Pro Wrestler Jake Atlas Comes Out After Being Named “Rookie Of The Year”

"I do have a dream of getting married and starting a family one day."

Pro wrestler Jake Atlas was just named the 2017 Southern California Rookie of the Year, and celebrated by coming out.

The 23-year-old grew up in L.A. watching Mexican lucha libre and the WWF, but had a tough time coping with his sexuality. He admits he bullied other boys he liked.

“I knew that being gay was something that wouldn’t be accepted in my family,” he told Gay Star News. “In the sixth grade, I met a boy who would go on to be the catalyst of my eventual self-acceptance.” He eventually came out to his family in 2010.

“There were tears, silence, negligence and hate cast all over my small family for months and years to come. Being openly gay is still something I struggle sharing with my mom.”

Atlas is single—in fact he’s only ever been in one relationship, when he was 18. “I am so distracted and in love with wrestling at the moment that dating is so complicated to engage. I do have a dream of getting married and starting a family one day. I’m sure that when the moment comes and stars align, I will find the right guy.”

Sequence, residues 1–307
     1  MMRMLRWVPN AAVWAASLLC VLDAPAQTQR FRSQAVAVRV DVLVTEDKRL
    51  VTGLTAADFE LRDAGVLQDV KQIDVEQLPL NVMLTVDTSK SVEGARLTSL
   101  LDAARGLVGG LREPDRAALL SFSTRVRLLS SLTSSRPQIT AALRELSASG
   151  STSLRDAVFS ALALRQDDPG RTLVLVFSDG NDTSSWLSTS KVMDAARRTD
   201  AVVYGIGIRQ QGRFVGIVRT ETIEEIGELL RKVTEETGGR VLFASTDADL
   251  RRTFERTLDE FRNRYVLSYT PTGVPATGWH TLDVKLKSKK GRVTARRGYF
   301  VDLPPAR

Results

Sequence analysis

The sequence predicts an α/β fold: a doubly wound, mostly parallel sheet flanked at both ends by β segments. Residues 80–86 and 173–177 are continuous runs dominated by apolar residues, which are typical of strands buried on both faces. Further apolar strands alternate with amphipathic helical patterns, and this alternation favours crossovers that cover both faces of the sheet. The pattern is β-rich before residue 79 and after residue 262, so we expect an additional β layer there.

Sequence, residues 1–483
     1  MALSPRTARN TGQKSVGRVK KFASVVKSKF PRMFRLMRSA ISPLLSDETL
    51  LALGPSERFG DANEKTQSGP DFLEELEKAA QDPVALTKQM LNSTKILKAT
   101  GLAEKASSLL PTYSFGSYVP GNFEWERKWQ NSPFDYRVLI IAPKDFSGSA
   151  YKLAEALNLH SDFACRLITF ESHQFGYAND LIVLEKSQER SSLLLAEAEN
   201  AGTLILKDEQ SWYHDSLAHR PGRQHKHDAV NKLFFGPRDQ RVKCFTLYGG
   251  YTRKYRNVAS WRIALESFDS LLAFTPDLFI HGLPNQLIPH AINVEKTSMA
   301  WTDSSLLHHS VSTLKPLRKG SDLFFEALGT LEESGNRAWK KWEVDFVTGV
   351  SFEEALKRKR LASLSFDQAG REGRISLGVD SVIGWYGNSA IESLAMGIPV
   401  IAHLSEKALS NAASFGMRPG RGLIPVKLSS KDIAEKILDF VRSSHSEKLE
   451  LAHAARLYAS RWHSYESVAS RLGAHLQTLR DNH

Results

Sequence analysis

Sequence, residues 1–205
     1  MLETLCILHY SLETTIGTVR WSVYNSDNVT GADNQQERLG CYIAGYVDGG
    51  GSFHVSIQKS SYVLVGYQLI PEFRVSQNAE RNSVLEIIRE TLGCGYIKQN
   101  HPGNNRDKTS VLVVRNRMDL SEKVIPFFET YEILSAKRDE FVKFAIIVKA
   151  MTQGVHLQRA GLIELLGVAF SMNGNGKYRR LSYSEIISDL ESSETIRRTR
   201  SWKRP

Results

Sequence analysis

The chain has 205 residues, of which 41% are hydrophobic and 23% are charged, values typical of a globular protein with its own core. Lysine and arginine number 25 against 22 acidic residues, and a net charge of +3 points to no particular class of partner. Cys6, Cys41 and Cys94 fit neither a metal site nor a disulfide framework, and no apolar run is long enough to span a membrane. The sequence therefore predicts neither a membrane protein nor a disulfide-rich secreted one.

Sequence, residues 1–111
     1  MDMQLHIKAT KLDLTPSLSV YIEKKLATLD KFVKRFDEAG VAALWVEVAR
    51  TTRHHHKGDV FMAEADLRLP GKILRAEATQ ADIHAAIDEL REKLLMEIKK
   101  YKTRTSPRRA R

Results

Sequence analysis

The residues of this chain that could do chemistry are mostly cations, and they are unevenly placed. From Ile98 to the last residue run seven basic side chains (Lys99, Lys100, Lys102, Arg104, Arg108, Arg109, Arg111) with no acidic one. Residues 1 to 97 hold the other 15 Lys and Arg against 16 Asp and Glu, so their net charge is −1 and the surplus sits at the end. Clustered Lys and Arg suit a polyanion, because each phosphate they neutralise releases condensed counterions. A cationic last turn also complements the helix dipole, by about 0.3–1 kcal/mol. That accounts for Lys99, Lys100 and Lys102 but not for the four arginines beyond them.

Practicing gymnastics and cheerleading as a kid gave Atlas an edge, and he made his debut in the ring in August 2016. Not long after, though, he broke his neck. His slow recovery, and the possibility of having to leave behind the sport he loved triggered a depression.

“Growing up, I had instances of anxiety,” Atlas told wrestling site So Cal Uncensored. “I would always have anxiety attacks and there were times where I would lose my breath.” Being sidelined “kind of triggered it for me, [feeling like] my life was over at that point.”

He’s back on track now, and looking to provide guidance to younger wrestlers. While Matt Cage, Anthony Bowens and most recently Mike Parrow have all come out, Atlas says the industry could do more to be inclusive. “I think they can have a bigger influence with how they are,” he says of the WWE.

For now he’ll embody the change he hopes to see.

“You’re going to watch me be a wrestler because I’m good, not because I am gay,” says Atlas, “That’s the message I want to send to everyone who’s struggling with the same thing.”

Dan Avery is a writer-editor who focuses on culture, breaking news and LGBT rights. His work has appeared in Newsweek, The New York Times, Time Out New York, The Advocate and elsewhere.